BENGALURU: Arti Rajan, who works as a community engagement associate at Milaap, started a campaign to raise Rs 10,000 to help a senior citizen turn his life around.
She didn’t expect the response to come at a lightning speed. In three days, she raised Rs 1,000 more than her target.
Seventy-year-old Radhakrishnan sells cigarettes and candies on a footpath near her office. “We go to a coffee shop regularly there,” says Arti. “And we stopped by at his corner to buy a smoke.”
Here she and her friends struck up a conversation with him and realised that he had little to support him. His worldly belongings were mostly the box and around which his wares were scattered, and a broken umbrella to shelter from the rains.
But the umbrella leaks and he told them that he was worried how he would run the business during the monsoon.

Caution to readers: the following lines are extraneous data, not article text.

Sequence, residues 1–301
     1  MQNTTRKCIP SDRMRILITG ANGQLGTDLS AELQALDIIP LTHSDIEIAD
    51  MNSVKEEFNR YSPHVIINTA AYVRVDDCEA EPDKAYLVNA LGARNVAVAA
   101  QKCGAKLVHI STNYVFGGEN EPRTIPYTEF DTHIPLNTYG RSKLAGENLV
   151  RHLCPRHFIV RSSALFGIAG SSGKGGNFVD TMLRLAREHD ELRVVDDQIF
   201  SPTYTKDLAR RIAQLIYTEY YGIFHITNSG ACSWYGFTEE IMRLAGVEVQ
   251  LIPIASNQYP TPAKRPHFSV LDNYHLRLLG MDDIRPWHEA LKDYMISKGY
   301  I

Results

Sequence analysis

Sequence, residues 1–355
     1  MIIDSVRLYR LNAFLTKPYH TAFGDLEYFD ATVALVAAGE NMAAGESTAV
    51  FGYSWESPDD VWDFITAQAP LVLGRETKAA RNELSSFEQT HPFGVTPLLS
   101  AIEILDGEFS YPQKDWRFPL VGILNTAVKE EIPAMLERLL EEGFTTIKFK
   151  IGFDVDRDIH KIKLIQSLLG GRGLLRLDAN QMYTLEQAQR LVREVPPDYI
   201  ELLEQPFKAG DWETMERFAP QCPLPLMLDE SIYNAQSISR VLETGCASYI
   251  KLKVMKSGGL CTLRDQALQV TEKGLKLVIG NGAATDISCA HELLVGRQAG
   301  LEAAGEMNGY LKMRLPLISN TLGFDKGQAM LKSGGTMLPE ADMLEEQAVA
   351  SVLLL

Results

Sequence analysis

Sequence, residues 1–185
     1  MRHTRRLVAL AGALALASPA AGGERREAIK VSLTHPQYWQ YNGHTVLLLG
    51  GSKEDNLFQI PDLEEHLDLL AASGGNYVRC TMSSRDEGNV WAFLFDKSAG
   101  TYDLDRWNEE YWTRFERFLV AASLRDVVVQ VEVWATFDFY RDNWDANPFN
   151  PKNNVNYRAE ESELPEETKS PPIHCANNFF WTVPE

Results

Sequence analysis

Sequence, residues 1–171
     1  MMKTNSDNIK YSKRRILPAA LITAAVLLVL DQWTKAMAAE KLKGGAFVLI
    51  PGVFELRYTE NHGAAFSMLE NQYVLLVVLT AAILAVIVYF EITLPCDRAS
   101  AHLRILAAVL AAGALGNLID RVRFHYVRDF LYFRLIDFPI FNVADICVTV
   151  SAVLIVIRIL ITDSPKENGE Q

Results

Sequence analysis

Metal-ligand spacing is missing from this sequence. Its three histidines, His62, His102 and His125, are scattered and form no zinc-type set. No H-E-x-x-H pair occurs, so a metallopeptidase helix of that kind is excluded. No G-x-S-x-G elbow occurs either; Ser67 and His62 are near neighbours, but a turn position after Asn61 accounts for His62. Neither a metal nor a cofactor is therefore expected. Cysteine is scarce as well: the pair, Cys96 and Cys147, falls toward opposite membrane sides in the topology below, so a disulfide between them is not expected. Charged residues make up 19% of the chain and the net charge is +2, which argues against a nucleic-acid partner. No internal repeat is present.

“Radhakrishnan has no family, no home and no shop,” reads Arti’s campaign page. He makes Rs 30 to Rs 40 a day, according to her estimate, after restocking for next day’s sales.
With what he earns, he can afford two meals a day. He stays, sleeps, at a temple nearby.
Arti appealed for help to set up a small tuck shop. In a few days, the campaign was closed. “All seven contributors are strangers,” she says.
“He had said he wants Rs 5,000 to set up the shop but we added another Rs 5,000 in our appeal to help him stock up for it,” she says. With the money, now she plans to approach the corporator for permission.
“It would also help if the corporator could tell us how to set up a shop for him,” says Arti. “He can’t move from this place because the temple he sleeps at is nearby.”
BBMP corporator K N Lakshmi Nataraj starts off saying the corporation cannot give him permission.
“We don’t have space for things like that,” she says. On giving it a few more seconds, the corporator says, “We need to see the person and see where he is located, before we can decide.”